Secondly, I really like that my company is promoting its employees to spend time sharing information with the wider community. This is one of the reasons that makes it a place that I want to work at, and I hope that others see this too. One of the aims of our company (I’m pretty sure this isn’t a secret) is to be the employer that employees want to work for – and through this get the best talent on board, and through that be successful. It’s a pretty simple formula. I hope it works.

And finally, this is a bit about advertising, not just about how great a place it is to work here, but about what our skills are. It’s one thing to be able to say “hey we can do A,B,C,D,E,F” – but quite another to be able to point out how you are helping others to learn that stuff. Hopefully, if you’ve read one of my blogs, and you find yourself in a similar situation, you’d  think, “might just ask Chris/Jo about that, he’s/she’s probably come across a similar situation.” It’s thoughts like that, that lead to potential business opportunities.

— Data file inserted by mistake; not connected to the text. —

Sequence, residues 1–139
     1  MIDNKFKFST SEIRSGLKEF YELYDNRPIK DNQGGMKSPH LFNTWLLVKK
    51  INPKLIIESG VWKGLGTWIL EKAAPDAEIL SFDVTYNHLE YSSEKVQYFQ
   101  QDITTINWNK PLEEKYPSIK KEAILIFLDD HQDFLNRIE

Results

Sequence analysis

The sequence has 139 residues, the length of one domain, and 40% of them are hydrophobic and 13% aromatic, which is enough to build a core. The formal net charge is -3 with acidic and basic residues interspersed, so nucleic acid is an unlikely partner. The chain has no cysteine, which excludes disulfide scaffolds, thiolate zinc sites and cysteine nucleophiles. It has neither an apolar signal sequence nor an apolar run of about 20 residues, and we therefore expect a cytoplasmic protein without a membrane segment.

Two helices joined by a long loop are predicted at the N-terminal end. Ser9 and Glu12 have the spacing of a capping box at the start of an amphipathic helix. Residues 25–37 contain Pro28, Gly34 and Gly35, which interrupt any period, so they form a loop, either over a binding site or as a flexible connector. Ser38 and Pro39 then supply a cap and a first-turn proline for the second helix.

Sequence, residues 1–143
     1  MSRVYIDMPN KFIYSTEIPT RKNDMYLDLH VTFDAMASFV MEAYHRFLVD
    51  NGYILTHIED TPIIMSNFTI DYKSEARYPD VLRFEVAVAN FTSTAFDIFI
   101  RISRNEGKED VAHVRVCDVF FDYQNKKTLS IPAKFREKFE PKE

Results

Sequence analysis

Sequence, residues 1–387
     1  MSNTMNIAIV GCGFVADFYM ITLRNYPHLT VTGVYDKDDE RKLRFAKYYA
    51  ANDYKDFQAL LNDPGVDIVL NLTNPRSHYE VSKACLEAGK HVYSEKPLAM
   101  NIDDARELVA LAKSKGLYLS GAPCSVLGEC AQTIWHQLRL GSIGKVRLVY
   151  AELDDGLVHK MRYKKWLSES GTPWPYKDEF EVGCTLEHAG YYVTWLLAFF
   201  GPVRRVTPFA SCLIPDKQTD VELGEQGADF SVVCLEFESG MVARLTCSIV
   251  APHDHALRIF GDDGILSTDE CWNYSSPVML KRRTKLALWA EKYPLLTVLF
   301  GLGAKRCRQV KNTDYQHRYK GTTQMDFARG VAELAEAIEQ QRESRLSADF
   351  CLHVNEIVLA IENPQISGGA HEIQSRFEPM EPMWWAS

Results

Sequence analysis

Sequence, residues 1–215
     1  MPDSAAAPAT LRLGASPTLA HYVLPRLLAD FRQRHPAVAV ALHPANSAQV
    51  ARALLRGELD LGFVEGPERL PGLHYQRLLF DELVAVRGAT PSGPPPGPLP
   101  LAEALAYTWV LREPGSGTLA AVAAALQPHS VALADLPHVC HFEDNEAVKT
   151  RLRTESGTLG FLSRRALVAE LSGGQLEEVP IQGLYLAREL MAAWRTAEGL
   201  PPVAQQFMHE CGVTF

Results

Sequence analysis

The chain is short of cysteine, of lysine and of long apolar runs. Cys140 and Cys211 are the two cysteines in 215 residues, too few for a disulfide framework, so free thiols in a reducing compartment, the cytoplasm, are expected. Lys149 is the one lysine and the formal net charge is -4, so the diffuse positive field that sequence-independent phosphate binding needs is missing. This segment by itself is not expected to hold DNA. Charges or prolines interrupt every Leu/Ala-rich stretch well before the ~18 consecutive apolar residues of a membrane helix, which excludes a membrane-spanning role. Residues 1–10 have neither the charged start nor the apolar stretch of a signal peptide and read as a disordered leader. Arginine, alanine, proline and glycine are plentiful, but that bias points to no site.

So don’t kid yourself, I’m not doing all this blogging completely out of the kindness of my heart, there’s a certain amount of wanting to be able to “give back” to the community that has taught me so much, but I really think that by “paying it forward” I will get just as much, if not more in return.

No video today, but the usual disclaimer applies, my thoughts, opinions and mistakes. Please don’t take this as representative of my company’s views, although they might well be aligned. Thanks for reading, and if you have some thoughts about this, if you think there is a “line” where it becomes commercially wrong for a consultancy to publish detailed blogs, I’d love to hear and understand your thoughts because I’d really like to be able to go to my next management meeting and justify why I’ve spent so much time this month blogging on SCN.

Cheers,

Chris

To report this post you need to login first.

39 Comments

You must be Logged on to comment or reply to a post.

  1. Tammy Powlas

    I am not in the NetWeaver Cloud, but for sure I like the sharing that you and Joanna do.  I want to contribute more but I totally run out of time. 

    For sure I learn more by sharing and there is a lot more in return. 

    Hopefully more on SCN will contribute as well.  Great question  – should I be sharing, and I say the answer is yes 🙂